Scanning the edublogosphere I visited Anthony Cody’s “Living in dialogue,” and found there his post (from last November!) on competency-based education. When I’d heard this term before, I associated it with “minimum competency testing,” much in vogue in years past (the Google has plenty of references, but here’s an opinion piece from 1979, to bring you back to yesteryear).
I was wrong, though. In the current parlance, “competency-based education” has been combined with notions such as standards, accountability, big data, ‘personalized education,’ and ‘anytime, anywhere, any-pace learning.’ In this syndrome, “what students should know and be able to do” is decomposed into discrete bits, or “competencies,” which perhaps are represented in a “competency map” which could be a re-representation of (say) the Next Gen Sci Standards. The educational consumer decides what competency they want to gain next (see, personalized!), finds the appropriate curriculum module, and then demonstrates their acquisition of the competency. This most likely will be done through an automated evaluation system, which may include some implementation of a portfolio assessment, probably in the form of an electronic portfolio, though not necessarily. This is the way to address the rising resistance to big, centralized, standardized tests. Oh, there are so many avenues to explore here! I will for the nonce restrain myself to the buzzword in my title.
Micro-credentialing. Naturally, some people see this “competency” approach as very promising for teacher education as well as for students. Most thoughtful people recognize that “learning” is integral to “teaching,” so teacher PD can’t stop with graduation from ed school (or licensure by some alternative path). But in-service as customarily conducted tends to be unsatisfactory, and high-quality in-service is so expensive and hard! Well,then, let’s create a competency map for teachers, and use it as the entry into a “micro-credentialing system.” Then the busy teacher can decide on some new “competency” to acquire, then go to the micro-credential provider, “do” the module, submit the proof of mastery to the provider, and then receive the “micro-credential” — the description from Bloomboard and Getting Smart made me think back to Boy Scouts and merit badges, and in fact one can see such systems described as “badge-based.”
The advocates are clear that teachers suffer under “one-size fits all” workshops, have no chance to document their professional growth (defined as specific skills or competencies; need stimulus to improve their practice; don’t get the recognition they deserve for growth in “their craft” ( the scare-quotes will be motivated below); and don’t have much time for learning in their busy schedules.
The more I read about this, the more it ramifies. The marketing opportunities are obvious, and make my antennae quiver in alarm, but the description of the niche being targeted is worth considering. There is general agreement that teachers need to learn as they teach and that teacher PD is rarely (never?) given the respect (in terms of time, investment, good design, etc.) that it should have. Moreover, the increasing burden of state-mandated accountability is by all accounts a major source of distress and discouragement among teachers (made all the worse when combined as it so often is with irresponsible “austerity” policies). (A relative of mine who teaches in a Florida high school, says that “teachers are just flooding out of the system.”)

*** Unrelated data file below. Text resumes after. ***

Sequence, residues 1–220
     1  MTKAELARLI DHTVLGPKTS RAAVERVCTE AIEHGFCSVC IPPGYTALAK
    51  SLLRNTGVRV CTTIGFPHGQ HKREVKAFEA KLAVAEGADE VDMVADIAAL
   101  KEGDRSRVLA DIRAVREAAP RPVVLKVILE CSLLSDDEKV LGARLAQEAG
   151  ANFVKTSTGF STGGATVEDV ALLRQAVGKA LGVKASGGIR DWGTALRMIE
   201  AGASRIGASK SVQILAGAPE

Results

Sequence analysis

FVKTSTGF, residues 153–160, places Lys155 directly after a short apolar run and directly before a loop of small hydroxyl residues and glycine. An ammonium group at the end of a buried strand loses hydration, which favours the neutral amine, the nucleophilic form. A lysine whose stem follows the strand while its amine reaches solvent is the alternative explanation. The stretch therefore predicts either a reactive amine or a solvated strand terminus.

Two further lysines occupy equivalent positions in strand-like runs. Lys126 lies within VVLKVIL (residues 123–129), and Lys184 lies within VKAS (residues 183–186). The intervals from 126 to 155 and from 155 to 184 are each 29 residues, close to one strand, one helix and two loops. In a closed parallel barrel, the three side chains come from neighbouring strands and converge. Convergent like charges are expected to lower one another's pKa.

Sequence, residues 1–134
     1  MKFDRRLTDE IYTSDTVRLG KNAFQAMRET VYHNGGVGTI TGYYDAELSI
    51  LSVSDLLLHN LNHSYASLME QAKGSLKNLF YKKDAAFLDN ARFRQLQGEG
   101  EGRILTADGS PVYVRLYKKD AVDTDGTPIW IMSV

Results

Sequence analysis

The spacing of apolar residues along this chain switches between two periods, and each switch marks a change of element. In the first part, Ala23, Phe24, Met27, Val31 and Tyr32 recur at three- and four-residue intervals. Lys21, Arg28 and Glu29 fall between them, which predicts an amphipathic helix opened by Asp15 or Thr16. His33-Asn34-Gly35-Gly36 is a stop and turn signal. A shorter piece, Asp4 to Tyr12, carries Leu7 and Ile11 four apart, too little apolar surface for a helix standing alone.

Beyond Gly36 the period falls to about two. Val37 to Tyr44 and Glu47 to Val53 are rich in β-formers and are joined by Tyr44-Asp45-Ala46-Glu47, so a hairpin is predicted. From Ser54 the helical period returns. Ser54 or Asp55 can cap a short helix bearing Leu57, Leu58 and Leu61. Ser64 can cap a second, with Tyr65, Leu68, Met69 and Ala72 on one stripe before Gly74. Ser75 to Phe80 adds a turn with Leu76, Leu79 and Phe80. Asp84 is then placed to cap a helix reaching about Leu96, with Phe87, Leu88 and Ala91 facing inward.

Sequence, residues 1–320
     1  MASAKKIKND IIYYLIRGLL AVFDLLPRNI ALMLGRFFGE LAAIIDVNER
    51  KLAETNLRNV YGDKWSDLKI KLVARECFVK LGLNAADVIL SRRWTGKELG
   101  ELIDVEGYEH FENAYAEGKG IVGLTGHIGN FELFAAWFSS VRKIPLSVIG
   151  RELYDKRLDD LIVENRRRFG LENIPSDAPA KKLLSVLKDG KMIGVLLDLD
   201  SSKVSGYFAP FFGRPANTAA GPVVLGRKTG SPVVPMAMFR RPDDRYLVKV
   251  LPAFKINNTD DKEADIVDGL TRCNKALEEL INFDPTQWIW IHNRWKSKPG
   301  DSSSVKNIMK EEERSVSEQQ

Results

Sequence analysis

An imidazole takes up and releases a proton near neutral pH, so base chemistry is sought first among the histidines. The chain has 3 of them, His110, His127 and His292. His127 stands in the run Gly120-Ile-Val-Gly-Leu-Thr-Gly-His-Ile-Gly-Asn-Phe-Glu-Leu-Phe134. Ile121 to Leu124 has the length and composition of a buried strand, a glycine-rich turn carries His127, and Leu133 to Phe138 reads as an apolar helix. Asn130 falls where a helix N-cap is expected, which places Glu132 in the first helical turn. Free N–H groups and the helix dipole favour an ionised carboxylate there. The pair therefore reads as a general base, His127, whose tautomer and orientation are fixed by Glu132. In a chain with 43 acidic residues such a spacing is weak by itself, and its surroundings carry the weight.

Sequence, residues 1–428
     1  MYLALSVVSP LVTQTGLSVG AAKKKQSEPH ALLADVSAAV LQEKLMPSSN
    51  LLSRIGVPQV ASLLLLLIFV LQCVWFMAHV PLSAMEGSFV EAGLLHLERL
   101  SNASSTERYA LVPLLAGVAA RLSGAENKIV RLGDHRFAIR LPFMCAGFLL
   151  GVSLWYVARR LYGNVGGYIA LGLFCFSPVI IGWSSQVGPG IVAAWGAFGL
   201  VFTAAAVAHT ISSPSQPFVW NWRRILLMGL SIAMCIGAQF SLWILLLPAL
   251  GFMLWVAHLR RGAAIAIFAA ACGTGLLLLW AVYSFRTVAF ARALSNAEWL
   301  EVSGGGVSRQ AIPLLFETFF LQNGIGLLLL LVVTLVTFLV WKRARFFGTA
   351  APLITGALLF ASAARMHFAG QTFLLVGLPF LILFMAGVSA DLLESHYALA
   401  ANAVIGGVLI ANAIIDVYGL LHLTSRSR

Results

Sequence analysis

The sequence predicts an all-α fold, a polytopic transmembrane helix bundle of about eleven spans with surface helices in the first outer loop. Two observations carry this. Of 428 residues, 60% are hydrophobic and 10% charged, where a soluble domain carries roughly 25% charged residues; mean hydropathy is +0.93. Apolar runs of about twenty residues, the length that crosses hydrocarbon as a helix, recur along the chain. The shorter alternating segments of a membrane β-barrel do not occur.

So a fresh alternative that returns some control to the individual teacher, fits into their busy schedule, and enables them to bolster their qualifications, will of course be very attractive, at least as a concept. Indeed, the general approach receives support from serious scholars of education policy (see this paper from 2014 by Linda Darling-Hammond et al., which also uses the “badge” language).
But as I read the advocacy papers and “reports” and blog posts about micro-credentialing, it seems to me that this whole idea is firmly in the grip of The Market, which continues to be an object of near-universal reverence in this country. Take some quality, and quantify it by segmentation and differentiation, into many small pieces that can be differentiated and re-assembled as a product line. Describe the learning process as a matter of mastering “craft” skills and discrete “competencies” which are modular and particulate.
The product line is then made available, and constantly modified, by a “vendor,” whose only accountability is that of the market — differential success in competition, and growing market share and revenues, based in some part on the customer satisfaction (aka “self report” ) and in some part on evidence of actual positive results. To the extent possible, automate the process,which itself opens a rich field for marketing and sales.
Perhaps I sound skeptical. I’d love to hear from people who can set me right, especially with some personal experience of their benefiting from an approach like this. Maybe I’m succumbing to the romance of Town Meeting season here in New England,* but I believe that even fairly bad ideas can be critiqued and improved by broad debate, and this is yet another area where democratic process could help clarify ends and means.
* NOT to be confused with “town hall meetings” that politicians so love to hold.